Monday, December 1, 2008

Favourite Reads from 2008 - A Librarian's Picks Part One. . .

Today, we start our librarian's picks in our nation's capital and get some favourite reads from Alexandra Yarrow, a librarian at the Rideau Branch of the Ottawa Public Library. Some great graphic novel picks in particular - for all ages!

Adult Titles:

A hilarious tale of a librarian who just can't seem to get it together. His love life is falling apart, and now he's accepted a job in Northern Ireland. He arrives to find out he's in charge of a bookmobile - and not just any bookmobile. This one is empty. A great book for lovers of Jasper Fforde's Thursday Next series.

Fables by Bill Willingham
I became a little obsessed with this series in 2008, and read right up to the latest one, Volume 10: The Good Prince. The story follows various fairy tale and nursery rhyme characters, and the premise is that they are alive and, in fact, live in an enchanted portion of New York City. The various volumes follow their epic battles to save "Fabletown" from various dark forces in the fable world. The best parts are the poignant, realistic portrayals of characters such as the Big Bad Wolf or Prince Charming, who has fallen far from his suave, womanizing days to a broke has-been who is forced to auction off his royal title.

Interred with Their Bones by Jennifer Lee Carrell
An excellent Shakespearean mystery, with a compelling main character and lots of plot twists to keep you on the edge of your seat! For anyone with an English literature degree, or a love of theatre.

Three Bags Full by Leonie Swann
One of the year's strangest mysteries, this one is narrated by a herd of sheep, whose shepherd is found dead. The sheep, who quite love their shepherd, decide it's up to them to solve the crime. Extremely well-crafted and utterly charming.

Laika by Nick Abadzis
A moving tale about the Soviet space dog. The graphic format of this book, and the back-door look at Soviet politics and history, makes it a great companion to the curriculum for teens, but it also can stand alone as a truly moving (I cried) tale of a sweet dog and her various (loving and abusive) owners.

Beginner's Greek by James Collins
A great gift for the disillusionned 20-something, this book works for both male and female readers. Party fairy-tale, part social commentary, Beginner's Greek follows Peter Russell as he falls in love with a woman on a plane, loses her, and then finds her again ... when she becomes engaged to his best friend.

White Rapids by Pascal Blanchet
A very simply written graphic novel from the always-exceptional Drawn and Quarterly, White Rapids tells the story of the rise and fall of the Northern Quebec town of the same name. Built by the Shawinigan Water & Power Company as a living community for workers at a nearby dam, White Rapids captivates its residents and reflects back their hopes and dreams over the years. The town was shut down in the 1970s; Blanchet's book acts as a very fitting memorial to a certain time, and a certain place, in our history.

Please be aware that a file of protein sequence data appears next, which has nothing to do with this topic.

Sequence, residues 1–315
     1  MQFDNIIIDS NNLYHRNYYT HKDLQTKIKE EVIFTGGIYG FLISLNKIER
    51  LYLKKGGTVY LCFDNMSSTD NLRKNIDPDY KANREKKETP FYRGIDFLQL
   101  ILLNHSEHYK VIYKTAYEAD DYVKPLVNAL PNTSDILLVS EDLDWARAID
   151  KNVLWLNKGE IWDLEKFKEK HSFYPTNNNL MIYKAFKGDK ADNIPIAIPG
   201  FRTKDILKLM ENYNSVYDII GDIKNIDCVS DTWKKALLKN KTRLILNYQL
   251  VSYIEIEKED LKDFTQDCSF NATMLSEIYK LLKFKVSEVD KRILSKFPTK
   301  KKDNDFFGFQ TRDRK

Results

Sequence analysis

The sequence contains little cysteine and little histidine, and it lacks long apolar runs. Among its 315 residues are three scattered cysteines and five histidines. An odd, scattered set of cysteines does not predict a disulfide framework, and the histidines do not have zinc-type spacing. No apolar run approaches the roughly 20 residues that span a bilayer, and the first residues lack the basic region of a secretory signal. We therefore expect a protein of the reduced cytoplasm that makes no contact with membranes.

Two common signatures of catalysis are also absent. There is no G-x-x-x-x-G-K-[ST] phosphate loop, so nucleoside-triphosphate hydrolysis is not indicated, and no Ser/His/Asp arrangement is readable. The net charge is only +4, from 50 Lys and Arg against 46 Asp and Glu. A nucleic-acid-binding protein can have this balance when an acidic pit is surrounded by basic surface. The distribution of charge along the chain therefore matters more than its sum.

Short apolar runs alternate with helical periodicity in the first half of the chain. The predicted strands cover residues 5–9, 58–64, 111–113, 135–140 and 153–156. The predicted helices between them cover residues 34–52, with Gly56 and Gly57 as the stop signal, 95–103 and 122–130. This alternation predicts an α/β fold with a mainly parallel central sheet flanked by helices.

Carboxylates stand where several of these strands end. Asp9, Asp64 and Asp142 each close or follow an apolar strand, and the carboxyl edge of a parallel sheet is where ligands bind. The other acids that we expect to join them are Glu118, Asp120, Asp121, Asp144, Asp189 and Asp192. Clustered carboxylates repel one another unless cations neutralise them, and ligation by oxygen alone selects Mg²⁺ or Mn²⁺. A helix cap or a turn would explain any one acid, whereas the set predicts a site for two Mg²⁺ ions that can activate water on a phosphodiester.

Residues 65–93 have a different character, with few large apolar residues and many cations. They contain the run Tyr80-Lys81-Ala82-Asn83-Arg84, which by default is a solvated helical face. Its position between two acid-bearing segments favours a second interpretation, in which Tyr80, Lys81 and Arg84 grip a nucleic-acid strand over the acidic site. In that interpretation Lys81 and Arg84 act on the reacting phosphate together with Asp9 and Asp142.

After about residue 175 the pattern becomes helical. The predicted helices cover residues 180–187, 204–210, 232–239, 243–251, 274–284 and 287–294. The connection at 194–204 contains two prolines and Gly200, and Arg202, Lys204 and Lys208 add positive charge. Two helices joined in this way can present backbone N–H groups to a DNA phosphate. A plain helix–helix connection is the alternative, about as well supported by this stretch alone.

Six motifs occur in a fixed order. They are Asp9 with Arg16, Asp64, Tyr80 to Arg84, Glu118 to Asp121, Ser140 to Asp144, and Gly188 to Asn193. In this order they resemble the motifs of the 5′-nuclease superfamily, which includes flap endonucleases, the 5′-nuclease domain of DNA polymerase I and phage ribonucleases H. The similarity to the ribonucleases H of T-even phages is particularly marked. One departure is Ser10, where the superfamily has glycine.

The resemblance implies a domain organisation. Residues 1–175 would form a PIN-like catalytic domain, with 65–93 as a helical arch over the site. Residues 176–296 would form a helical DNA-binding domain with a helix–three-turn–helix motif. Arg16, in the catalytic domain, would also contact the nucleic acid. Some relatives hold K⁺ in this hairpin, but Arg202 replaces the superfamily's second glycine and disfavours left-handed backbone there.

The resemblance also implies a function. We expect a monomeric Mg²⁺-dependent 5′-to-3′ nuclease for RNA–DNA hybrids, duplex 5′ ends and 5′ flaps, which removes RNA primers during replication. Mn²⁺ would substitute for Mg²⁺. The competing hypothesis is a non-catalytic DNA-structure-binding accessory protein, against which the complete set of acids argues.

I don't have enough time or space to praise various excellent graphic novels for teens that have come out in the past little while; Minx (publisher of The Plain Janes) has some other excellent titles such as Re-Gifters by Mike Carey, not to mention the luminous Skim by Mariko Tamaki.... My current favourite remains The Plain Janes, though, which is about a girl named Jane who, relocated from the city to the burbs after a traumatic incident, hooks up with a few other Janes to form the title group. The Plain Janes are bent on a variety of non-conformist acts of vandalism and mischief, mostly revolving around what the local police quickly dub "art attacks." Will they get caught?


Bookweird by Paul Glennon
One of the best children's novels I read this year, by local Ottawa author Glennon (his previous adult novel, The Dodecahedron, was shortlisted for a Governor General's Award). 11-year old Norman has a nasty habit of unwittingly ripping off and chewing corners of his books: this gets him into a load of trouble when he destroys an entire page, falls asleep, and wakes up inside the story.
Llama Llama Red Pajama by Anna Dewdney
My favourite picture book of the year, for utter ridiculousness and fabulous use of rhyme. Bonus points for a lovely story and the touching reassurance of Mama Llama that bedtime is nothing to be afraid of. Another great read-aloud rhyming book that I thrilled to use this year in storytime is Three Little Ghosties by Pippa Goodhart.

No Girls Allowed: Tales of Daring Women Dressed as Men for Love, Freedom and Adventure by Susan Hughes
Great compilation of graphic tales of women who masqueraded as men (sometimes for their whole lives) to join wars, become doctors, and otherwise do things women were not allowed to do. Includes the story of Mu-Lan. Check out the excellent learning materials package, available from the Kids Can Press website.

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